Popular Science doesn’t think much of Avatar:
It’s an intriguing paradox–the success of a film as technologically elaborate and ambitious as James Cameron’s Avatar will come down to a simple question: Will audiences marvel at the movie’s groundbreaking production methods enough to forgive Cameron’s curious choice to frame everything on a script that is, almost above all else, obsessed with the evils of technology in the wrong hands? . . .
Unlike Lucas’ more playful science fiction epic, Cameron reaches for a heavy environmental message. Avatar is every militant global warming supporter’s dream come true as the invading, technology-worshiping, environment-ravaging humans are set upon by an angry planet and its noble inhabitants. But the film’s message suffers mightily under the weight of mind-boggling hypocrisy. Cameron’s story clearly curses the proliferation of human technology. In Avatar, the science and machinery of humankind leads to soulless violence and destruction. It only serves to pollute the primitive but pristine paradise of Pandora.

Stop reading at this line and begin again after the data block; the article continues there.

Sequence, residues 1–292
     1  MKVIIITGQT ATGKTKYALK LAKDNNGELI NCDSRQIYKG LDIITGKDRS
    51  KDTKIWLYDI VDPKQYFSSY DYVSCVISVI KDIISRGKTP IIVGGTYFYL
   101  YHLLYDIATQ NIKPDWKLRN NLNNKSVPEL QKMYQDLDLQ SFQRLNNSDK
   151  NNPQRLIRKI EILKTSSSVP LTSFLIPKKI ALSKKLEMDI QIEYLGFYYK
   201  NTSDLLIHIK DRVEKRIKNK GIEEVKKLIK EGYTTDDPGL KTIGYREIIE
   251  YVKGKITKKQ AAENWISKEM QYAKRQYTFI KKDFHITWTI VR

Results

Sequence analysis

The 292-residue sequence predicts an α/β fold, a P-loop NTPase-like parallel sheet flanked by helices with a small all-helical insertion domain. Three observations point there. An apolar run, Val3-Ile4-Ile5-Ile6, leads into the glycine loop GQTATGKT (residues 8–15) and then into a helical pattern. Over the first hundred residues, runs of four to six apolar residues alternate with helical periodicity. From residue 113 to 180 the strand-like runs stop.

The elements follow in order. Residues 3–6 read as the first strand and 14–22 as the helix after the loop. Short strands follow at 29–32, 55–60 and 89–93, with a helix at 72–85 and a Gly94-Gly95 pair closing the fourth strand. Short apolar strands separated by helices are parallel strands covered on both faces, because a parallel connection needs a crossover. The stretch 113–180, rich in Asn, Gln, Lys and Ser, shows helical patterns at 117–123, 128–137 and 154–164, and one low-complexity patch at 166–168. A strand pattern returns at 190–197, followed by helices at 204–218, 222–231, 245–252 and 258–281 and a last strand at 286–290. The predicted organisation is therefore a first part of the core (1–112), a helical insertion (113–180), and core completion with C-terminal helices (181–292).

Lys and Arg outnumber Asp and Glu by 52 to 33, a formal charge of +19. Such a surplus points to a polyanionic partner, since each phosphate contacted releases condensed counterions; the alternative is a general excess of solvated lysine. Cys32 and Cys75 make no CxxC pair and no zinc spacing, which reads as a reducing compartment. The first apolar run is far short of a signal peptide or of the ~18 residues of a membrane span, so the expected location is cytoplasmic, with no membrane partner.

Of course, without centuries of development in science and technology, the film putting forth this simple-minded, self-loathing worldview wouldn’t exist. You’d imagine Cameron himself would be bored to tears on the planet he created. There are no movies on Pandora, so he’d be out of a job. The Na’vi rarely visit a multiplex. They sit around their glowing trees, chanting; they don’t build and sink titanic ocean liners, and they don’t construct deep-sea mini-subs enabling certain filmmakers to spend countless days exploring said cruise ships.
You’ll find a lot of people who want to protect the superior virtue of the noble savage, but you won’t find many volunteering to join him.